Mitochondria: make ATP, also fatty acid catabolism (B-oxidation)! (fatty acids are made in cytosol). Also have their own circular DNA and ribosomes (gives rise to endosymbiotic theory!). Have a double layered membrane.

**Cytoskeleton: microtubules (ex. flagella & cilia), microfilaments, intermediate filaments. In eukaryotic cells, aids in cell division, cell crawling, and the movement of cytoplasm and organelles.

Note on plant cells: in a hypotonic solution (their normal state), vacuole swells  turgid. In isotonic, the plant cell is flaccid. In hypertonic, the cell is plasmolyzed – cytoplasm is pulled away from the cell wall. Fungal cells also remain turgid due to cell wall, but animal cells will burst (cytolysis).

The endomembrane system is the network of organelles and structures, either directly or indirectly connected, that function in the transport of proteins and other macromolecules into or out of the cell.Includes plasma membrane, endoplasmic reticulum, golgi apparatus, nuclear envelope, lysosomes, vacuoles, vesicles, endosomes but not the mitochondria or chloroplasts.

* Circulation:

  • Intracellular Circulation

    • Brownian movement (particles move due to kinetic energy, spreads small suspended particles throughout cytoplasm)

    • Cyclosis/streaming: circular motion of cytoplasm around cell transport molecules

    • Endoplasmic Reticulum: Provides channel through cytoplasm, provides direct continuous passageway from plasma membrane to nuclear membrane

  • Extracellular Circulation

    • Diffusion: If cells in close contact with external environment, can suffice for food and respiration needs. Also used for transport of materials between cells and interstitial fluid around cells in more complex animals

    • Circulatory system: complex animals w/ cell too far from external environment require one. Use vessels.

* Junctions:

**- Anchoring junctions: desmosome (keratin filaments inside attach to adhesion plaques which bind adjacent cells together via connecting adhesion proteins, providing mechanical stability, hold cellular structures together). In animal cells. Present in tissues with mechanical stress – skin epithelium, cervix/uterus. img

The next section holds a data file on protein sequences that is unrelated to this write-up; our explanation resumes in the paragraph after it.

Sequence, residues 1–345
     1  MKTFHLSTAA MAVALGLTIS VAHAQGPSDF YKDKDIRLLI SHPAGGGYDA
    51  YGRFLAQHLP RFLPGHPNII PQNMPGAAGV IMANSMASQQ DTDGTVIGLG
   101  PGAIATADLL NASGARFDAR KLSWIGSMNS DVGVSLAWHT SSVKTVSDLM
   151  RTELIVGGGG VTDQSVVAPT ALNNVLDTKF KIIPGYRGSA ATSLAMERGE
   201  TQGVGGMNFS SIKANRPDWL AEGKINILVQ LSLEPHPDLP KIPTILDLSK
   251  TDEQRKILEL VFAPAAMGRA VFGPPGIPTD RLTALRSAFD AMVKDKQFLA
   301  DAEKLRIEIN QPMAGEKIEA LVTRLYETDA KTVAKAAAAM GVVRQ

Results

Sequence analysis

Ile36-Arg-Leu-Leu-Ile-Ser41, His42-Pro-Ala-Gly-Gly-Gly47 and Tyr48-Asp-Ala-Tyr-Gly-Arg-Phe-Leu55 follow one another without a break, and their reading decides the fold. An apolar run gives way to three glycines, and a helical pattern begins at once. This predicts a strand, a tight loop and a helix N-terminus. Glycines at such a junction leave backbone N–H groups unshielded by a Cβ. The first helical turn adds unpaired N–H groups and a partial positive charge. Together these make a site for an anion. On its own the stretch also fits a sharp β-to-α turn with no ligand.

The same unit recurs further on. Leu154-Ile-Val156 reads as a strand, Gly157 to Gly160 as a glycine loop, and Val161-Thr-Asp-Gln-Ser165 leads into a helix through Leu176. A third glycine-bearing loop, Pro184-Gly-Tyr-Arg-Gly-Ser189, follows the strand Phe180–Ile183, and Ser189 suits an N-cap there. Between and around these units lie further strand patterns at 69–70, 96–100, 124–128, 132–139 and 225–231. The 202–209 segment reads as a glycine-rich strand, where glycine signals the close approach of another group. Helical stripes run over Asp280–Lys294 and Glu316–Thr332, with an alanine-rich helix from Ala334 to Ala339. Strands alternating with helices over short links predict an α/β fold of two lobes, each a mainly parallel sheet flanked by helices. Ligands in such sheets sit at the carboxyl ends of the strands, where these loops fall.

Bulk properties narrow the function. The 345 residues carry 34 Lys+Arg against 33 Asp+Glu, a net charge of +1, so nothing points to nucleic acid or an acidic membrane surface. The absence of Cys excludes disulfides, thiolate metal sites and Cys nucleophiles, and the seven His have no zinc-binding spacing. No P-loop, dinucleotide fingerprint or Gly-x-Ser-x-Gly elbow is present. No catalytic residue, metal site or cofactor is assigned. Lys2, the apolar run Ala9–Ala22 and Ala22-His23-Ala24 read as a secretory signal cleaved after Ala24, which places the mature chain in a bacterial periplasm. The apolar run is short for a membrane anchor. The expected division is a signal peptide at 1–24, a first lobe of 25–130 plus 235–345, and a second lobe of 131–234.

- Tight junctions: completely encircles each cell, producing a seal that prevents the passage of materials between cells; characteristic of cells lining the digestive tract where materials are required to pass through cells into blood (They prevent the passage of molecules and ions through the space between cells. So materials must actually enter the cells (by diffusion or active transport) in order to pass through the tissue). In animal cells. img

- Gap junction: narrow tunnels between animal cells (connexins); prevent cytoplasms of each cell from mixing, but allow passage of ions and small molecules; essentially channel proteins of two adjacent cells that are closely aligned (smooth muscle single of spreading action potential). In animal cells. Tissue like heart have these to pass electrical impulses. img

- Plasmodesmata: narrow tunnels between plant cells (narrow tube of endoplasmic reticulum-desmotubule; but exchange material through cytoplasms surrounding the desmotubule). img
* Prokaryotes and Eukaryotes:

**Eukaryotes include all organisms except for bacteria, cyanobacteria, and archaebacteria. Prokaryotes have a plasma membrane, DNA molecule, ribosomes, cytoplasm, and cell wall. In prokaryotes:

1. No nucleus. 4. Cell walls (peptidoglycan); archea (polysaccharides) – many have sticky capsules on wall

2. Single (circular) naked ds DNA (no chromatin).

3. Prokaryote (50S + 30S = 70S); 5. Flagella are constructed from flagellin not microtubules in prokaryotes.

  • Substance Movement:

    • Hypertonic (higher solute concentration), hypotonic (lower solute concentration), isotonic (equal solute concentration)

    • Bulk Flow = collective movement of substances in the same direction in response to a force or pressure (e.g. blood)

    • Passive Transport –

      • Simple diffusion, osmosis, dialysis (diffusion of different solutes across a selectively permeable membrane), plasmolysis (movement of water out of a cell that results in its collapse), facilitated diffusion, countercurrent exchange (diffusion by bulk flow in opposite directions – blood and water in fish gills). Note: diffusion is net, some few particles still move against the gradient because molecule movement is random, but net diffusion is generally what we talk about.

    • Active Transport – movement of transports against their concentration gradients requiring energy. Usually solutes like small ions, amino acids, monosaccharides

* Endocytosis: uses ATP (active process) (exocytosis is also active process) (Cliff’s FC says bulk flow is active too…?)

- Phagocytosis: undissolved material (solid) enters cell; white blood cell engulfs. Plasma membrane wraps outward around.

- Pinocytosis: dissolved material (liquid). Plasma membrane invaginates.

- Receptor-mediated: a form of pinocytosis; specific molecules (ligand) bind to receptors; proteins that transport cholesterol in blood (LDL) and hormones target specific cells by this.